Firstly, the disappointing immune responses seen with the International AIDS Vaccine Initiative's DNA-MVA candidate capped a growing concern about the prospects for vaccines based on current DNA and MVA platforms. Secondly, there was widespread agreement that the recently adopted ELISpot assay for assessing T-cell immune responses based solely on production of the cytokine interferon-gamma is not providing a complete picture of vaccine-induced T cells.
Thirdly, reports from human trials suggested that the ability of macaque models to accurately predict vaccine immunogenicity (capacity to trigger immune responses) might be more limited than previously realized. Richard Jefferys prepared this summary for TAGline.
In the hallways and around the coffee tables of the Beaulieu Conference and Exhibition Centre, people mulled the implications of IAVI's data for the larger vaccine field. In terms of DNA constructs, IAVI's is not the first to show disappointingly poor immunogenicity in humans: Merck, Wyeth Ayerst and others have reported similar findings. Merck also found no advantage to giving its DNA as a prime before subsequently immunizing with a different vaccine (in this case, an adenovirus vector) as a booster, echoing IAVI's experience with DNA/MVA.
A commonly expressed opinion holds that part of the problem with current DNA vaccines is related to dosage; several conference participants estimated that a DNA vaccine dose of at least 8 milligrams is needed to match the dose given to macaque monkeys in pre-clinical studies. Only the NIH's Vaccine Research Center (VRC) has attempted this high a dose in humans. And preliminary results suggest that it did not result in a significant improvement in the immunogenicity of the DNA vaccine compared to a lower 4 mg dose. However, it's also very difficult to inject this much DNA into a human being, and experiments using more than 8 mg are essentially impossible.
Researchers are continuing to explore ways to enhance the response to DNA vaccines at feasible doses, including using separate constructs to encode each vaccine antigen and incorporating cytokines and other potential adjuvants. IAVI's results suggest that these efforts will have to be successful if DNA vaccines are to become viable for human use.
The data on IAVI's MVA-based construct are sobering given that there are over a dozen candidate HIV vaccines utilizing MVA as a vector. The extent to which the poor results reflect problems with the specific MVA candidate as opposed to the MVA platform in general is a matter of debate.
The ability of the vector to express the HIV antigens it is carrying once in the body is influenced by precisely where in the MVA genome the genetic code for the HIV antigens is inserted, and it is believed that other MVA candidates may be able to express higher levels of their antigen payload than IAVI's construct. It remains uncertain, however, whether such improvements can raise the immune response rate to an acceptable level.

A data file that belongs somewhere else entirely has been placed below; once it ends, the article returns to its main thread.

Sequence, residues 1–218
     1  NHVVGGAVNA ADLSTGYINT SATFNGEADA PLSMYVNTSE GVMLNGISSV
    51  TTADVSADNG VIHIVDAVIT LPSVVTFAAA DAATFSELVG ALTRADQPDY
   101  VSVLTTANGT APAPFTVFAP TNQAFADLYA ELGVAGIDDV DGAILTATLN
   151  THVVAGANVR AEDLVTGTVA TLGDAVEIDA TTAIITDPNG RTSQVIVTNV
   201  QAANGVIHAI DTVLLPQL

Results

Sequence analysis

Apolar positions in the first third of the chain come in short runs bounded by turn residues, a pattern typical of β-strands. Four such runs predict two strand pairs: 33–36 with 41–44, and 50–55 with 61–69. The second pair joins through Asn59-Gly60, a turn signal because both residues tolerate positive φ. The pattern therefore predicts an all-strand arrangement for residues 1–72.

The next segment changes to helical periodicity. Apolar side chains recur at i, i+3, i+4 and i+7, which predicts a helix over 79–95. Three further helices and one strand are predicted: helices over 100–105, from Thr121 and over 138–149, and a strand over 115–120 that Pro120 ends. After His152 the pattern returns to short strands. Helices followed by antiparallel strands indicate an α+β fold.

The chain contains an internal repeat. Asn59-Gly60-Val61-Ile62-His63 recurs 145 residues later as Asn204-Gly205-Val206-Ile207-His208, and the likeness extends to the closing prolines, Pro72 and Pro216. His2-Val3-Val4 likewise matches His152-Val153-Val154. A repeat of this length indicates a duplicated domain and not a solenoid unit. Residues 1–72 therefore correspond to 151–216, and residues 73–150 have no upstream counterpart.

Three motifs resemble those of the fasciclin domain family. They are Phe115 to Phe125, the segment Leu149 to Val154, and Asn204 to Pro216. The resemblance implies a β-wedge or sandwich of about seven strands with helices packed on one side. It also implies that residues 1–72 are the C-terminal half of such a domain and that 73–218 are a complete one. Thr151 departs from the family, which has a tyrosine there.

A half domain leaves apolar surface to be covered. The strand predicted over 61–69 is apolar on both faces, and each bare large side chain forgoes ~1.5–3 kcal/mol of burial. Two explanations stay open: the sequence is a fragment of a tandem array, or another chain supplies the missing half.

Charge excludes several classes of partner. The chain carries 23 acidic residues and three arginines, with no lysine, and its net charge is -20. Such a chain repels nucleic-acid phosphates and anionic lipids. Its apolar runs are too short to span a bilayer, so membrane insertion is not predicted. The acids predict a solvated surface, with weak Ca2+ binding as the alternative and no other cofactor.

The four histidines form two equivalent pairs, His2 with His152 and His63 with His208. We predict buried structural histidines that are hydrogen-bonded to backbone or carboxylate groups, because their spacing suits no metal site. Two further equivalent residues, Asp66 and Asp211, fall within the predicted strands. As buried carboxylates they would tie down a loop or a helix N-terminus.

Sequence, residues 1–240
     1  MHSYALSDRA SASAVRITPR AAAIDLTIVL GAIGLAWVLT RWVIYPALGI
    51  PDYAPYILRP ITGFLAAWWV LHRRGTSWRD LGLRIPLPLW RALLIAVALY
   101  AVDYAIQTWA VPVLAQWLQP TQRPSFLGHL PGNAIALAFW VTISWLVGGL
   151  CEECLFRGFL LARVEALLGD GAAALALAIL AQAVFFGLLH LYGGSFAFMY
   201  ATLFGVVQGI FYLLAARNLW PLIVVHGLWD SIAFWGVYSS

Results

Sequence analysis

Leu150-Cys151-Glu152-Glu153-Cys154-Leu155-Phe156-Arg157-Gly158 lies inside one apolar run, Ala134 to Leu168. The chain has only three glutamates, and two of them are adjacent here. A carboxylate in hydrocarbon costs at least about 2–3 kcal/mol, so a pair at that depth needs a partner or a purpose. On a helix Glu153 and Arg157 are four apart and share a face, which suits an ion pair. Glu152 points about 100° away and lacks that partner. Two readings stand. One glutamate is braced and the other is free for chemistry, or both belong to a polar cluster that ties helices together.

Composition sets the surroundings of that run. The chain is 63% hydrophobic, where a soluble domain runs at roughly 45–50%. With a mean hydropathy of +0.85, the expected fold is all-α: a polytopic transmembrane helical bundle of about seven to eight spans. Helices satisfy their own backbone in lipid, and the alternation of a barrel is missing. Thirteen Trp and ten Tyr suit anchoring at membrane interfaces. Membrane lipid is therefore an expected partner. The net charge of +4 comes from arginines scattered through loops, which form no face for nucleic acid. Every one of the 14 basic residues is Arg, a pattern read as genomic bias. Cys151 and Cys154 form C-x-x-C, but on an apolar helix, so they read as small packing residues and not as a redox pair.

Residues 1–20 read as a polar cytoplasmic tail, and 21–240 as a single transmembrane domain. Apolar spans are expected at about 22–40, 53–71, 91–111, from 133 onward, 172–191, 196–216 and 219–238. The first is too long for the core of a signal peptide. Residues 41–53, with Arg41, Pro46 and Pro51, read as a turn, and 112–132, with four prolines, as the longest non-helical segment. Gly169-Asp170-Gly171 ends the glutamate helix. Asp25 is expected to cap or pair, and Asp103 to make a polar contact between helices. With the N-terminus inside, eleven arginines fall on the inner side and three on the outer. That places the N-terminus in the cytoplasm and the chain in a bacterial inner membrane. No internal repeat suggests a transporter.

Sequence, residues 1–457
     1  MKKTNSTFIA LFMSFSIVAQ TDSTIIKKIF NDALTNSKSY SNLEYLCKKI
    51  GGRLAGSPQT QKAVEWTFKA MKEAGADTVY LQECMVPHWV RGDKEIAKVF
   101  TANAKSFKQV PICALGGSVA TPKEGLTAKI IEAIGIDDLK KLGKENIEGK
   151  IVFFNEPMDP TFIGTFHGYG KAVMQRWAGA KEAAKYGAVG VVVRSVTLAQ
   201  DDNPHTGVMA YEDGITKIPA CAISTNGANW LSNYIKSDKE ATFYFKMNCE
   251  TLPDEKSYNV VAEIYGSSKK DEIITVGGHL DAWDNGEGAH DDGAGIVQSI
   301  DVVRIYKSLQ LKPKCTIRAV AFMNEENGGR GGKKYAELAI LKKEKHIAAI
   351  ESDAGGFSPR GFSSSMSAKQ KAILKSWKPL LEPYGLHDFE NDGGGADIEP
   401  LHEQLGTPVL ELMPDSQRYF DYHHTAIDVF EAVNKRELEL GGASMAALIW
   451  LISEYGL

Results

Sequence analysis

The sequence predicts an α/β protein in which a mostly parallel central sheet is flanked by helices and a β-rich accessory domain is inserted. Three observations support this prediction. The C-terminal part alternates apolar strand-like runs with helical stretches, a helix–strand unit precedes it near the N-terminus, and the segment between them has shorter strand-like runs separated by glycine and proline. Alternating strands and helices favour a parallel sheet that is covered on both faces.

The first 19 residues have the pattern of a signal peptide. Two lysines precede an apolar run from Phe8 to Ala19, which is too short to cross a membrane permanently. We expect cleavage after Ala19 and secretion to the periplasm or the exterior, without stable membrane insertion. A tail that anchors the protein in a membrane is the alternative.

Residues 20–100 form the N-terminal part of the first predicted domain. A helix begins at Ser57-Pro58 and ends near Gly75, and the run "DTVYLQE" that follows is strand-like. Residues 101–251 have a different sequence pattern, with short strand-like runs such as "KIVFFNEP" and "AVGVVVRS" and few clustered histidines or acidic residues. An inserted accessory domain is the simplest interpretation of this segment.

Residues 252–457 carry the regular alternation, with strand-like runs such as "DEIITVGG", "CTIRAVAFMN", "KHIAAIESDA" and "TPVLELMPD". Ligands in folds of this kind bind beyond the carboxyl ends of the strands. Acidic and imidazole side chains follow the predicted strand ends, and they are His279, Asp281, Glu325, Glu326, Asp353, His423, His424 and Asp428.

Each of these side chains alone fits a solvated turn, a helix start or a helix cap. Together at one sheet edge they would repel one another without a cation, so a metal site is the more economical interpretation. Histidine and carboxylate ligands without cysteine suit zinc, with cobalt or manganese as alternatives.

Another potential problem with MVA is the large size of the vector; some researchers believe that this skews the immune response toward the vector itself rather than the antigens it contains. A small phase I trial of an MVA-based HIV vaccine produced by Bavarian Nordic recently reported that all participants developed MVA-specific T-cell responses, but only a minority showed evidence of responses to the HIV nef antigen contained in the vaccine.
Analyses of MVA-specific responses induced in the IAVI trials have not yet been reported. While immunogenicity studies of additional MVA-based HIV vaccines are going forward, it is entirely possible that the shortcomings of the approach will eventually lead to its demise, sending a large chunk of the HIV vaccine pipeline down the drain.
The most rigorously evaluated approach is the interferon-gamma based ELISpot, which counts the number of T cells capable of making interferon-gamma after brief stimulation with HIV antigens (this is the assay used in the IAVI studies described above). Over the past few years, new studies have been presented showing that measuring interferon-gamma production alone may underestimate the size of the vaccine-induced T-cell population because some cells produce other cytokines.
In Lausanne this issue came to the fore, and there was widespread agreement that a broader assessment of T-cell responses will be important in future studies. Among the assays under discussion are intracellular cytokine staining, which several groups have used to show that T cells producing IL-2 can make up a substantial proportion of the response to commonly utilized vaccines. Helen Horton, from the HIV Vaccine Trials Network, demonstrated that GSK's HIV vaccine candidate incorporating nef, tat and gp120 proteins induced a CD4 T-cell response mainly comprised of cells capable of producing IL-2 -- not interferon-gamma. Stephen De Rosa from the VRC has previously presented similar findings from a phase I study of a DNA HIV vaccine.